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    Following up my post in the amphibious assault thread here, as it is more appropriate in this context...

    When the AI decides on an amphibious attack (pre war declaration, just when it decides to start building for the attack), instantiate a new instance of a strategic plan class, of subclass warplan, perhaps even further subclass amphibious assault (or type)

    Then cityAIs, unitAIs, etc would get attached to that plan if they were associated with it. Once enough units (of the right types), were associated with the plan, then the ships would embark, etc.

    During a turn, city and unit moves could happen in two stages, first move everything that is associated with a strategic plan (perhaps things could have more than one plan, and they would be prioritized), then those cities/units which are unassigned could be moved. Somewhere along the way you would want to be able to add units/cities to a plan if it was short, or remove if it had enough and other plans were short.

    You would want to be able to abandon a plan at times (if you were invaded and your new defend the homeland plan felt it did not have enough units/cities without stealing some from the assault plan)

    -Iustus
     
  8. glider1

    glider1 Deity

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    What do you think about production planning? Subclass of a master plan class or seperate planning classes Unit, Production, Economy and Diplomacy linked by multiple inheritance??

    Your thoughts are great and seem to be directed at creating a blended solution:
    1) of introducing more complex behaviour to the AI without completely re-engineering it.

    2) The other "thought" is a blackboard AI where you properly organise strategic thinking across the board.

    I personally favour (1) because it is short to medium term while a blackboard AI is basically a PhD exercise long term, or a complex collaborative exercise medium term.

    Problem with (1) is that it could get messy unless it is really thought out well. It seems that without a blackboard, you essentially would have to divide up planning classes to handle different categories and this could get complex on top of an already complex engine.

    However even a unit planning class would be good on it's own even if nothing else gets done. At least that class would coordinate unit activities better. It get's conceptually messy of course because in theory there is a distinction between planning and coordination the list goes on!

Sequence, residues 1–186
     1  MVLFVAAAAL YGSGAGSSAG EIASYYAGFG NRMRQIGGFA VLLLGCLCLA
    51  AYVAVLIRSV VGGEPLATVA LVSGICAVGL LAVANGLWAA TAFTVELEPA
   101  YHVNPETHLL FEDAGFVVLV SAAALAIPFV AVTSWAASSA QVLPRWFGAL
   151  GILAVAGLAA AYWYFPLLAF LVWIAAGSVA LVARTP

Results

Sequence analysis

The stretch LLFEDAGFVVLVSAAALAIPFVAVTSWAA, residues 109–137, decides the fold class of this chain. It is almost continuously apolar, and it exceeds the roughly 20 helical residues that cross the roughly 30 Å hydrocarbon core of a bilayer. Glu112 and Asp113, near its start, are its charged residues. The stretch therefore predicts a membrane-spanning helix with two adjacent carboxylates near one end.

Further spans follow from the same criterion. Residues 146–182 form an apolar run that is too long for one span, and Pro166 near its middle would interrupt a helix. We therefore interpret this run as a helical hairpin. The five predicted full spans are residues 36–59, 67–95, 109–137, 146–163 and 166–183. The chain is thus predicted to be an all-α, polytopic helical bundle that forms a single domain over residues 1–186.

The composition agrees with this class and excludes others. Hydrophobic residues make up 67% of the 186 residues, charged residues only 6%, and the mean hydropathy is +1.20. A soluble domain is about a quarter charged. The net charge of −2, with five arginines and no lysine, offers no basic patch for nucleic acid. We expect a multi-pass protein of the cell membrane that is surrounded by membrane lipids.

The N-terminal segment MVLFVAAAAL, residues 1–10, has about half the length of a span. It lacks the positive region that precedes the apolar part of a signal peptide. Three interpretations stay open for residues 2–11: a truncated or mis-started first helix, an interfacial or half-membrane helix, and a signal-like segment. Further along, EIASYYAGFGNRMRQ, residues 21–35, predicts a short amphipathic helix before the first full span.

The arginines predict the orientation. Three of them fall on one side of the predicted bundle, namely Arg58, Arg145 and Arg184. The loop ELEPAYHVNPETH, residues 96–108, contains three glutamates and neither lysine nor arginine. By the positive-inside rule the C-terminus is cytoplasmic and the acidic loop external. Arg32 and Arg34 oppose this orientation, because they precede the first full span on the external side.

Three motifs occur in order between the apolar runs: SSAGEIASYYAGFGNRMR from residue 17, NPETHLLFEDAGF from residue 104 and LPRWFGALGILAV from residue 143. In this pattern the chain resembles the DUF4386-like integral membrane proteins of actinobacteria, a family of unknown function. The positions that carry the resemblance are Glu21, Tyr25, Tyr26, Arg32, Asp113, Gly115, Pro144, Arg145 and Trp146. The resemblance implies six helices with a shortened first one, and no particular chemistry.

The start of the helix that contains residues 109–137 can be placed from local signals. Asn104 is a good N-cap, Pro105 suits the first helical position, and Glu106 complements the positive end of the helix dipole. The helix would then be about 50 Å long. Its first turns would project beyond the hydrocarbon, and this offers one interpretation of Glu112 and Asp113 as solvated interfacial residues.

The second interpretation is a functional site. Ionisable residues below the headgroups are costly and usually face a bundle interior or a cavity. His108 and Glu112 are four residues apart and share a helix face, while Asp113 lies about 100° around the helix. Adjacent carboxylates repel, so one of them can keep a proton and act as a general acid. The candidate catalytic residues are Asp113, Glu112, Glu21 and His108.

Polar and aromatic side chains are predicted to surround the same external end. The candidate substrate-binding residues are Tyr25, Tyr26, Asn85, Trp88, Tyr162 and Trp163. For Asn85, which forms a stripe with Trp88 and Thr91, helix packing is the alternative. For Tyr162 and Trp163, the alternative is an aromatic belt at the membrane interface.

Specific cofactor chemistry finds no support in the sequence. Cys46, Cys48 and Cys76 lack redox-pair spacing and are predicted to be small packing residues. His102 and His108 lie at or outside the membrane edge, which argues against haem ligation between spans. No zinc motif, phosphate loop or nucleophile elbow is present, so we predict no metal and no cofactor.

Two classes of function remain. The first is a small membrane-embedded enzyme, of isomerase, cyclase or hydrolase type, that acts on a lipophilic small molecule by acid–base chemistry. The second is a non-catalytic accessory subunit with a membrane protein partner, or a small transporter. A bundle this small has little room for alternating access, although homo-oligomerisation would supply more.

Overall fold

EDIT: I apologise for muddying the waters. I vote for keeping it simple on lines with your original idea but just fleshed out a little more. Option (1) produces a better AI but not a super ai, while option (2) could quite possibly be the way to a super AI that is incapable of running on slower PC boxes but plays a damn good game :)....

    Cheers.
     
  9. Iustus

    Iustus King

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    Well, the elegance of having these 'plan' classes attached to units and cities is that the units and cities will go through the same basic decisionmaking they do now, but they would just use these to make a better strategic decision.

    So, in the case of production, the key thing might be to make sure the right cities get assigned to the 'assault plan'. You might want to make it so each thing that is assigned to a plan can be given an optional assignment, so you know that say these 3 cities are assigned production of naval units for the assault, and if you picked the right 3 cities for unit production, etc. You would not necessarily have to plan in advance every turn's production (this might be too big a change), just give them assignments based on their overall production value. So if you picked, say 2-4 port cities in the right location with high production to produce ships, and 3-6ish (figuring out how many would be another problem) high production cities of the right distance to produce units, then you could leave the rest of the cities (particularly the new ones) to their own devices, growing.

    You could use this idea for some production specific plans if there are some that make sense. If there is a key wonder (or other build) that might require a tailored set of builds, in one city or multiple cities, this could all be coordinated with one of these plans.

    You could potentially use these plans also to determine when a threshold is met before starting a plan. So, if say you needed 3 cities with production over a certain value before you could start some plan, you would not bother to try unless you met the starting criteria.

    -Iustus
     
  10. Yakk

    Yakk Cheftan

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    I think avoiding "persistent" plans might be a good idea - it maintains save game compatibility.